May 15 2011 2:48pm

What’s in a Name?: The Importance of Names in Romance Novels

William Shakespeare famously wrote:

“What’s in a name? That which we call a rose/By any other name would smell as sweet.”

But while it’s true that a rose would smell as sweet no matter what it was called, in a romance novel, character names do matter in a very big way.

Just one or two short words can telegraph not only a character’s gender but also his or her nationality, ethnicity, social stratum, and (sometimes) religion, and can often convey attitude and personality.

For example, in Cathy Cash Spellman’s epic Paint the Wind, heroine Fancy is involved in a love triangle with two brothers, Hart and Chance. You may never even have heard of the book, but I promise that you now understand everything you need to about all three characters.

It’s not necessary to read a word of the novels in which they appear to know that Suzanne Collins's Katniss and Peeta cannot possibly occupy the same universe as Jane and Rochester. And if Jane Austen's Pride and Prejudice were not the story of the tempestuous courtship of Elizabeth Bennet and Fitzwilliam Darcy, but rather were the tale—set in the same era and the same neighborhood—of the burgeoning love between Kathleen O’Shaughnessy and Zvi Feinberg or between Marie-Josèphe Desaulniers and Jens Mikkelsen, we the readers would know from the very first paragraph that this was going to be a very different kind of a story. An extremely interesting story, to be sure—but different nevertheless.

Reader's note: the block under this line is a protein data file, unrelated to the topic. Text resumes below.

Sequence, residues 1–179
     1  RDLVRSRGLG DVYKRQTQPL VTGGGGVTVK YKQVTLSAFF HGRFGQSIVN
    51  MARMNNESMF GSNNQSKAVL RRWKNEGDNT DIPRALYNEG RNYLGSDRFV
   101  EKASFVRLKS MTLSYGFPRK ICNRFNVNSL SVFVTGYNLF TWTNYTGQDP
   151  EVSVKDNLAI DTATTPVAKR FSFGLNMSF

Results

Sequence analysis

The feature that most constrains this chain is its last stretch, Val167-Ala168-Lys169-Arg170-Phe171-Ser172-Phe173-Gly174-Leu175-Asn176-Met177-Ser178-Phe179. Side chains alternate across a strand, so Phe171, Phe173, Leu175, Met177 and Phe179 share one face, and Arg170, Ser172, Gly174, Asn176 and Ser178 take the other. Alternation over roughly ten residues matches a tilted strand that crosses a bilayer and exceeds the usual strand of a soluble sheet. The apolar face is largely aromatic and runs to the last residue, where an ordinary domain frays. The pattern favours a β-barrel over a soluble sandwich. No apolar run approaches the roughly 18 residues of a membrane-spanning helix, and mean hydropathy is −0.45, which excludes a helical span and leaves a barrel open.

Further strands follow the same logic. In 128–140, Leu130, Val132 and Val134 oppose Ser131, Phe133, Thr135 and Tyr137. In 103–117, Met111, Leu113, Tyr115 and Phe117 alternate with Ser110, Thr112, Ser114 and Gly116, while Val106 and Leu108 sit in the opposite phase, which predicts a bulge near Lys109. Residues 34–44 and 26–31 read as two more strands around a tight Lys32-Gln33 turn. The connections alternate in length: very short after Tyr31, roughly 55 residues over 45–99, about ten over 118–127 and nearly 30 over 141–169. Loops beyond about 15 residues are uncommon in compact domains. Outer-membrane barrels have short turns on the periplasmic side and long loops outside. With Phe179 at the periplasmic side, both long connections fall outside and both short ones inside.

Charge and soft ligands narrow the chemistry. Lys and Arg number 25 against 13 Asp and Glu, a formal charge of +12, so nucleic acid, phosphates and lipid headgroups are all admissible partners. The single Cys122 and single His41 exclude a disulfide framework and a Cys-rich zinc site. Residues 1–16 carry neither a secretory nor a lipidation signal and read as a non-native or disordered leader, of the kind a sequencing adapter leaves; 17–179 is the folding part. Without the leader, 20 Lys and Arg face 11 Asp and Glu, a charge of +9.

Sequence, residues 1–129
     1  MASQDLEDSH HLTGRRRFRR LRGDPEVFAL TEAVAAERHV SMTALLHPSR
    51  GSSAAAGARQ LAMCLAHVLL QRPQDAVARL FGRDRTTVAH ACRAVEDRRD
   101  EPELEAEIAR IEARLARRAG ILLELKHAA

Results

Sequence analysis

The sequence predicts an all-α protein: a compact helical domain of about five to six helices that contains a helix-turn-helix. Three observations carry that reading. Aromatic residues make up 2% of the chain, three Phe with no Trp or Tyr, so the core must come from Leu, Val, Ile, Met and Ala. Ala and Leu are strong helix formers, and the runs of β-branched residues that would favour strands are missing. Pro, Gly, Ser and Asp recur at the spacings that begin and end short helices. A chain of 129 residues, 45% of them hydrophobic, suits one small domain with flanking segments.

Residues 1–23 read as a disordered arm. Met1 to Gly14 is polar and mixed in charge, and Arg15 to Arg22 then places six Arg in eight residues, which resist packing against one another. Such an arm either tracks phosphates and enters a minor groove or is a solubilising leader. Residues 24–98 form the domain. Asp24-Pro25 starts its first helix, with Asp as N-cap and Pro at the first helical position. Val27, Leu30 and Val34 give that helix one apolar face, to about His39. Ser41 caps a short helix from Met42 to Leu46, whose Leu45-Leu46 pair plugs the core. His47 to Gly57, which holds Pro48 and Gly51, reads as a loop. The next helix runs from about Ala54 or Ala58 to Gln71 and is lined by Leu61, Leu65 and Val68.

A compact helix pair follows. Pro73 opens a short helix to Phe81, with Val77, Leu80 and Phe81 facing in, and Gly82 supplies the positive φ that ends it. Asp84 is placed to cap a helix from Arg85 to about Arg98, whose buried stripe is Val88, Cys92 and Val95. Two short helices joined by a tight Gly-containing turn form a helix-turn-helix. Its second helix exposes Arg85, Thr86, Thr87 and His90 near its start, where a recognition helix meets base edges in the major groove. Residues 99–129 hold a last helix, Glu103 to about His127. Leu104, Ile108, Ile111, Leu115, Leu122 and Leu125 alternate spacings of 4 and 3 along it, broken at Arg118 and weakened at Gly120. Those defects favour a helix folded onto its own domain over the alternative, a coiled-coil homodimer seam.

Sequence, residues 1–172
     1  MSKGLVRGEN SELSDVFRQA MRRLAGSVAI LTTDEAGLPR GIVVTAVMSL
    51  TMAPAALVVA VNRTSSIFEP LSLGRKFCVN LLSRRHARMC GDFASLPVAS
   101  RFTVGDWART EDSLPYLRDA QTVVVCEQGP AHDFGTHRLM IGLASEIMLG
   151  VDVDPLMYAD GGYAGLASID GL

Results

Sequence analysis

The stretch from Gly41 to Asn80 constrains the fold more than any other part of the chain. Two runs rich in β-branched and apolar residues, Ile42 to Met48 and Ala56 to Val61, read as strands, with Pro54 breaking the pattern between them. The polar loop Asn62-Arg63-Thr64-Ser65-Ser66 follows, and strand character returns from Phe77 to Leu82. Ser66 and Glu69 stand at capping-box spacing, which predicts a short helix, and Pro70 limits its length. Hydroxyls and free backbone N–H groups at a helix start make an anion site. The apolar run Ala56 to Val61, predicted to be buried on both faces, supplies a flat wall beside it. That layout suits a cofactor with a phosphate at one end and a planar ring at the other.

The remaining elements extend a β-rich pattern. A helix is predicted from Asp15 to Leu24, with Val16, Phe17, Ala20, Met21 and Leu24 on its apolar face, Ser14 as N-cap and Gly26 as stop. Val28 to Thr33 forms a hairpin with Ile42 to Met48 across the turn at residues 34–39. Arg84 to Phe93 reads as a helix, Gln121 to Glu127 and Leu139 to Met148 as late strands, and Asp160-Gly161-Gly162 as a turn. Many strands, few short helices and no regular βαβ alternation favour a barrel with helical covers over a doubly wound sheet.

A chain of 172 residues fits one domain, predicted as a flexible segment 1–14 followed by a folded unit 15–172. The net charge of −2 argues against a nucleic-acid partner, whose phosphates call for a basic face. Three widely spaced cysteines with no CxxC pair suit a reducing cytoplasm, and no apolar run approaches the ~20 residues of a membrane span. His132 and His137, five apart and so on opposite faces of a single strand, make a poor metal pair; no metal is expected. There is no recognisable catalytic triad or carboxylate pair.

In a romance novel, the heroine tends to either have a euphonious name (names that end in “a” are common) or a descriptive one. For example, Jane Eyre’s name—short, blunt, and plain—echoes her personality and even her appearance (she’s described in several places as short and slight). It never would have occurred to Charlotte Brontë to name her eponymous heroine, say, “Isabella.”

In Laura Leone’s The Black Sheep, the heroine, a rock star, goes by Gingie (which to my mind gives unfortunate overtones of “gingivitis,” but whatever), but her real name is Virginia. I will give you three guesses as to why this name is appropriate for her, and you probably won’t need the last two. And Josephine March, of Louisa May Alcott's Little Women fame, goes by Jo, a masculine nickname that underscores her tomboy nature.

A hero, on the other hand, needs a name that suggests youth, masculinity, and usually wealth (even when the character himself is poor). He needs to have a name that we readers can envision ourselves screaming in the heat of passion; you don’t encounter a lot of romantic heroes named Walter, Horace, or Seymour. While there are some romantic heroes called John and a few called Tom, there aren’t very many called Bob, for whatever reason. And Richard is indisputably a rake’s name. In books, at least 75 percent of the time “Richard” = TROUBLE. I have no idea why this is, but it’s absolutely true.